f(x) = (x^3)(lnx)

f'(x) = (3x^2)(lnx) + (x^3)(1/x)

how do solve for x when

(3x^2)(lnx) + (x^3)(1/x) = 0

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- Jul 25th 2011, 02:57 AMNeoSonataneed help taking dervative of (x^3)(lnx) and solving for x
f(x) = (x^3)(lnx)

f'(x) = (3x^2)(lnx) + (x^3)(1/x)

how do solve for x when

(3x^2)(lnx) + (x^3)(1/x) = 0 - Jul 25th 2011, 03:04 AMSironRe: need help taking dervative of (x^3)(lnx) and solving for x
You have:

$\displaystyle f'(x)=3x^2\cdot \ln(x)+x^2=0$

It can be very useful to wright:

$\displaystyle x^2[3\ln(x)+1]=0$

EDIT:

Also remember: $\displaystyle \ln(0)$ is undefined! - Jul 25th 2011, 03:15 AMNeoSonataRe: need help taking dervative of (x^3)(lnx) and solving for x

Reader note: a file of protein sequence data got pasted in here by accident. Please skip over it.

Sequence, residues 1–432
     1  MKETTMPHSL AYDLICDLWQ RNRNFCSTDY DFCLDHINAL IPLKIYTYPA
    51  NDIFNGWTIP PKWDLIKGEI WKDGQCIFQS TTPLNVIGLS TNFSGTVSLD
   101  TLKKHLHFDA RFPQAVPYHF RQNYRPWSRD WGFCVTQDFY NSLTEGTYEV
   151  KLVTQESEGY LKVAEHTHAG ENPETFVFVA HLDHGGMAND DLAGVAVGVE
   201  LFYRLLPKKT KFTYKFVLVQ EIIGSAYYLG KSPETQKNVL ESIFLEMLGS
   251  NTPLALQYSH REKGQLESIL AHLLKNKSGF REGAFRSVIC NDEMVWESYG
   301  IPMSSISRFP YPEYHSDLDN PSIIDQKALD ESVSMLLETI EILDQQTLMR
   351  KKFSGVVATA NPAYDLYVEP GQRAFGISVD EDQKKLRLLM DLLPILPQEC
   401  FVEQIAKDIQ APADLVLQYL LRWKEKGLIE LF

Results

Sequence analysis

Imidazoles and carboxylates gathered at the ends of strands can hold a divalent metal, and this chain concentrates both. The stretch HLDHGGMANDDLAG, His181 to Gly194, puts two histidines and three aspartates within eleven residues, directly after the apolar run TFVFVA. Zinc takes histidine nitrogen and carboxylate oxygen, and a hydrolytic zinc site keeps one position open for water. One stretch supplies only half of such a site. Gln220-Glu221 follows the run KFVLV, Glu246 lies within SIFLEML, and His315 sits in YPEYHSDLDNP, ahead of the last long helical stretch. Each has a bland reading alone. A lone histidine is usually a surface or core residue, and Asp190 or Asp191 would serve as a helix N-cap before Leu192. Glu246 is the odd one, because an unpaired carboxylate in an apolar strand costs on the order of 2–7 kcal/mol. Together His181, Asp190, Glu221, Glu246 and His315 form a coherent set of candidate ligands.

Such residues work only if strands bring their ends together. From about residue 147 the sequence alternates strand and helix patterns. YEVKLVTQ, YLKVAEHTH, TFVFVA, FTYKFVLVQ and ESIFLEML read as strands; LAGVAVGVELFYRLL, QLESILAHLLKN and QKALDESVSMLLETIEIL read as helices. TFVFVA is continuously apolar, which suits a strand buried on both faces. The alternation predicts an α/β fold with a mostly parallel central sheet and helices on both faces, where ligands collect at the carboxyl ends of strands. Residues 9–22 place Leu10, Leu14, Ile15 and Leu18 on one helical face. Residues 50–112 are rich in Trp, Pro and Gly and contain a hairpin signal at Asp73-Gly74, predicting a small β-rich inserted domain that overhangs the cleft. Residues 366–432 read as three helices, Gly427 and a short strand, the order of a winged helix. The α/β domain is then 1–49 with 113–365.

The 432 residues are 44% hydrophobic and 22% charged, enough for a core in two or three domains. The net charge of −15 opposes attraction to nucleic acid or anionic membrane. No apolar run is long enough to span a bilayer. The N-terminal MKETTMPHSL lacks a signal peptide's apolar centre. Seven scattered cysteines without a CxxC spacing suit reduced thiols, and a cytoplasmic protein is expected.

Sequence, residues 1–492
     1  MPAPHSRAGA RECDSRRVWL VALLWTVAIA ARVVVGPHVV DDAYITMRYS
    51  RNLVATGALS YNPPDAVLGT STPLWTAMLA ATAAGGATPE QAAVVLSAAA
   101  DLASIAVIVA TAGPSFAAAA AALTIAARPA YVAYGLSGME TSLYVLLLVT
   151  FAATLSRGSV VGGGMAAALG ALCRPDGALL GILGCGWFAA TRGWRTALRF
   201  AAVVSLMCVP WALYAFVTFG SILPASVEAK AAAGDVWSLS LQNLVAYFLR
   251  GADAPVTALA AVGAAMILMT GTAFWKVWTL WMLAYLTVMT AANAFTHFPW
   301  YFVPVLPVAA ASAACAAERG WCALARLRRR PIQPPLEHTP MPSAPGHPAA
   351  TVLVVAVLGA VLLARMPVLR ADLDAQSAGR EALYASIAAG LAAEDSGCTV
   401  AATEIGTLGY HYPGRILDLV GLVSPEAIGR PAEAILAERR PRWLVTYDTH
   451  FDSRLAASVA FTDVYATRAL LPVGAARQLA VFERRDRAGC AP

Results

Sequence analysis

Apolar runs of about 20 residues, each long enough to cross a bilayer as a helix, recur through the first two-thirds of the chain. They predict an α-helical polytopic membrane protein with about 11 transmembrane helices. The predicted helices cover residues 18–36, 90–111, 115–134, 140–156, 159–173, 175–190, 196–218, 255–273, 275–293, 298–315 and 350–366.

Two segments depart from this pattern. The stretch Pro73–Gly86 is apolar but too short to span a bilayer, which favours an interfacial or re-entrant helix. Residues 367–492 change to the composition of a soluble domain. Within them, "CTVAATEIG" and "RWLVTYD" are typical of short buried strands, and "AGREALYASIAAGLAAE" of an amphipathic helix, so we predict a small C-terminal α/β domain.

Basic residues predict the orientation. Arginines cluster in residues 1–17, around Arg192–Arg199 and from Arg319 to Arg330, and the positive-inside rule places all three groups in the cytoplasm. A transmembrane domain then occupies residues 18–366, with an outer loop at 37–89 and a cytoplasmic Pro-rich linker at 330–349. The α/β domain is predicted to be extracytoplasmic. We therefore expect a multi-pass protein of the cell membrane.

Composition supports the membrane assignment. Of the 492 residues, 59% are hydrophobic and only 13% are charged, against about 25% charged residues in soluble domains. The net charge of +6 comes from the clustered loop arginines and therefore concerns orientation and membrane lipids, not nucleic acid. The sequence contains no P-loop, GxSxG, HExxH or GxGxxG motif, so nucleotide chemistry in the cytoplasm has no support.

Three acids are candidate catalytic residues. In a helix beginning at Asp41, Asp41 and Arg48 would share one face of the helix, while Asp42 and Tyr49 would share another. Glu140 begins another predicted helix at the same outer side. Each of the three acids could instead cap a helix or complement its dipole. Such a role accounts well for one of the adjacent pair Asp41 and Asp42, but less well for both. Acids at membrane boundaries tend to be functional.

so x = 0 and:

lnx = -1/3

x = e^(-1/3)

correct?

Thanks. - Jul 25th 2011, 03:18 AMSironRe: need help taking dervative of (x^3)(lnx) and solving for x
Almost, $\displaystyle x=e^{\frac{-1}{3}}$ is a solution, but see my EDIT, $\displaystyle \ln(0)$ is undefined, so $\displaystyle x=0$ is not a solution.

What you always have to do if you solve logarithmic equations is first determine where the function is defined and undefined (the 'existence conditions'), so at the end you can compare with your 'existence conditions' if the solution(s) satisfies.

(Sorry, I had to say this before :))